By ROBBY JOHNSON republished from UBNow
Published June 26, 2018
It’s a gorgeous, sunny Thursday on the North Campus. Some UB staff members and I gather near Greiner Hall for a nature excursion. We’re taking a break from the work day to see a part of UB that few appreciate or even know much about.
Our guide is Sandy Geffner, a longtime adjunct professor of environmental studies at UB who has spent many years connecting students to the environment around them, with the goal of giving them a newfound appreciation for it.
We head toward Letchworth Woods, the forested area to the east of the Ellicott Complex, but almost immediately Geffner stops the group at a small terrace lodged in the middle of a parking lot.
His passion and superabundant knowledge of the environment is immediately evident as he points to two trees on the terrace — one directly in front of us, and one to the right of us. They are both oak trees, he says, and there’s an easy way to detect which is a white oak and which is a red oak.
As he pauses for us to observe, I quickly look back and forth to each tree. As someone who isn’t well versed in dendrology, nothing incredibly different sticks out to me.
Geffner then directs everyone’s attention to each of the trees’ leaves. He identifies the tree in front of us as a white oak because its leaves are rounded; the other is a red oak, with leaves that have sharp-looking, bristled edges. The difference between the two trees is now as clear as day.
This observation almost immediately increases my awareness of everything around me. It seems like Geffner had dropped this bit of knowledge with a larger intent as he continues the discussion. The white oak has a lower concentration of tannic acid, he says and blue jays are avid acorn transporters.
We eventually reach the edge of Letchworth Woods, and Geffner stops us again to observe seed pods dancing through the breeze. The group is quizzed on which tree the pods are coming from. It’s a detail that’s extremely easy to miss if you’re not paying attention, but there’s only one kind of tree whose leaves are vigorously moving in any direction, while the others sway gently back and forth.
Geffner explains these are poplar trees and their leaves have a defining characteristic that makes them look so chaotic in the wind. The stems are flat, rather than rounded, allowing the leaves to catch any small gust of wind to shake and disperse the seeds.
It’s an observation I wouldn’t have made quickly on my own. On the surface, it appears to be a stand of trees against the skyline, but now the poplars are easily discernible from the rest, almost like the difference between the white and red oak trees.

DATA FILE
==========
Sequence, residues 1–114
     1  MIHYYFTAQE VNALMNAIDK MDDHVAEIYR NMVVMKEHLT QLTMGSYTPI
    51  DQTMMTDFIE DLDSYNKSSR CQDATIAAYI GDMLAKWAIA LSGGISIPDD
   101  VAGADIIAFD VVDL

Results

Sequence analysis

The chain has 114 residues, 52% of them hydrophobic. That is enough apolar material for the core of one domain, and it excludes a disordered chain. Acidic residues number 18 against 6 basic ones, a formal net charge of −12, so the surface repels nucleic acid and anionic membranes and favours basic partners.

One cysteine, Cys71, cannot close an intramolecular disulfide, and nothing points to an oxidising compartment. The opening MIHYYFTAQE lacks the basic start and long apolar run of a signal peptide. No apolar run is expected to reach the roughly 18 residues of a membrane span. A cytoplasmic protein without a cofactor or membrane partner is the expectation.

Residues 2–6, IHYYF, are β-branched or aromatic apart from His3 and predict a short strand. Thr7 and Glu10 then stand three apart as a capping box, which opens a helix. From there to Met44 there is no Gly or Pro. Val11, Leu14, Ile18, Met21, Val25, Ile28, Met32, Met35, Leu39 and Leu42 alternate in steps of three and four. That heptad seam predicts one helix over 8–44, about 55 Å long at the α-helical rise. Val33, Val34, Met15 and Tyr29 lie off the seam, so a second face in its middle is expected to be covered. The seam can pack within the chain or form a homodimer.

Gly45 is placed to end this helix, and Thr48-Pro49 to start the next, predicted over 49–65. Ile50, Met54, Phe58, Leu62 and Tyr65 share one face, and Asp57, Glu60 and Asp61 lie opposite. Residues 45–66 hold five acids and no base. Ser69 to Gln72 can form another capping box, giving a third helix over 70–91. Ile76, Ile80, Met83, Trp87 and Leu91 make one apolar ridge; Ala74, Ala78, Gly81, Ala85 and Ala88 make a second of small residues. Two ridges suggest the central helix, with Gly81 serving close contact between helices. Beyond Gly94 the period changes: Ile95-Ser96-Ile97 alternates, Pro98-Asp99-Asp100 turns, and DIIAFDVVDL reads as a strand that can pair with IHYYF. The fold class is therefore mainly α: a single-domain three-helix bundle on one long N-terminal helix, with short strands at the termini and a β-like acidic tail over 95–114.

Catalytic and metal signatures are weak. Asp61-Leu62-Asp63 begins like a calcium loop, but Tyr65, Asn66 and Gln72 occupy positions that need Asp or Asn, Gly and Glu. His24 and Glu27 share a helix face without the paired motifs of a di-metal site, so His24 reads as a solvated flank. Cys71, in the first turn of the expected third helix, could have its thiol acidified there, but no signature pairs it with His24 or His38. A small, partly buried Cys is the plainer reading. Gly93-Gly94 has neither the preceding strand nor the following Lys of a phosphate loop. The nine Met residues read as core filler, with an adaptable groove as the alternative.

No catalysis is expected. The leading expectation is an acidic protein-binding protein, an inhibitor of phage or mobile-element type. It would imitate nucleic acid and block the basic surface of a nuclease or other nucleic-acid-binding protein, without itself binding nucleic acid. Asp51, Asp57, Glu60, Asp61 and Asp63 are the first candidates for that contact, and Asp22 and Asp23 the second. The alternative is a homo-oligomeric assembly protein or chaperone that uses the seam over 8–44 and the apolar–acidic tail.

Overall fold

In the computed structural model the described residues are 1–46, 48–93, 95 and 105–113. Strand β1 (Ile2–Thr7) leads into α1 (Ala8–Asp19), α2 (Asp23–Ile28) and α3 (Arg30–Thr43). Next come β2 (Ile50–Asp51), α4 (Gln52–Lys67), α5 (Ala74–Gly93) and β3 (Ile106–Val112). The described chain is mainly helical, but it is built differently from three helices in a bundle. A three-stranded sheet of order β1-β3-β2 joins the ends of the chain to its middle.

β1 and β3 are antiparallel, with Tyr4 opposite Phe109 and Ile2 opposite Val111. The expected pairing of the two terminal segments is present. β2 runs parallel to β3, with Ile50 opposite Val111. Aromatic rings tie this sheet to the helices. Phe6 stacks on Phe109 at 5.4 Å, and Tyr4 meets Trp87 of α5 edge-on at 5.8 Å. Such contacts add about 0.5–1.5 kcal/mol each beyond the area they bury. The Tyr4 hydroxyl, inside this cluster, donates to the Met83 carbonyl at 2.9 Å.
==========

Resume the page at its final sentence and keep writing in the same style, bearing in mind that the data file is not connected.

Geffner shows his plethora of environmental knowledge again after identifying the tree, but he also drops a very interesting point in the middle of it all.
“I think we’ve become so jaded in the way that we look at the environment,” he says.
That point catches my attention because of what I had just experienced with the oak and poplar trees. I do think we experience a disconnect with nature when we’re living in a busy urban environment like the Buffalo area. That was apparent to me when I couldn’t easily wrap myself in the finer details of nature that Geffner showed us in UB’s backyard.
It becomes evident to me that this is one of the larger messages Geffner is trying to convey as we walk through the woods.
By the end of the walk, everyone is more attentive to smaller details, whether it’s observing dogwood flowers lining the edge of the forest, a garter snake’s forked tongue, or spotting a red-tailed hawk.
This side of UB is full of life and has so much more character than when we began the walk. It takes just a little effort to wash away that jaded feeling toward the environment and replace it with one of interest and wonder.
This is a place that more faculty, staff and students should experience, and slow down their busy lives of work and academics. Even if just for a moment.
Sustainable Development Goals:
14. Life below water: Conserving and managing the marine resources and oceans to promote sustainable development of our world
15. Life on land: Managing forests and terrestrial ecosystems, while combating desertification, land degradation and biodiversity loss in a sustainable way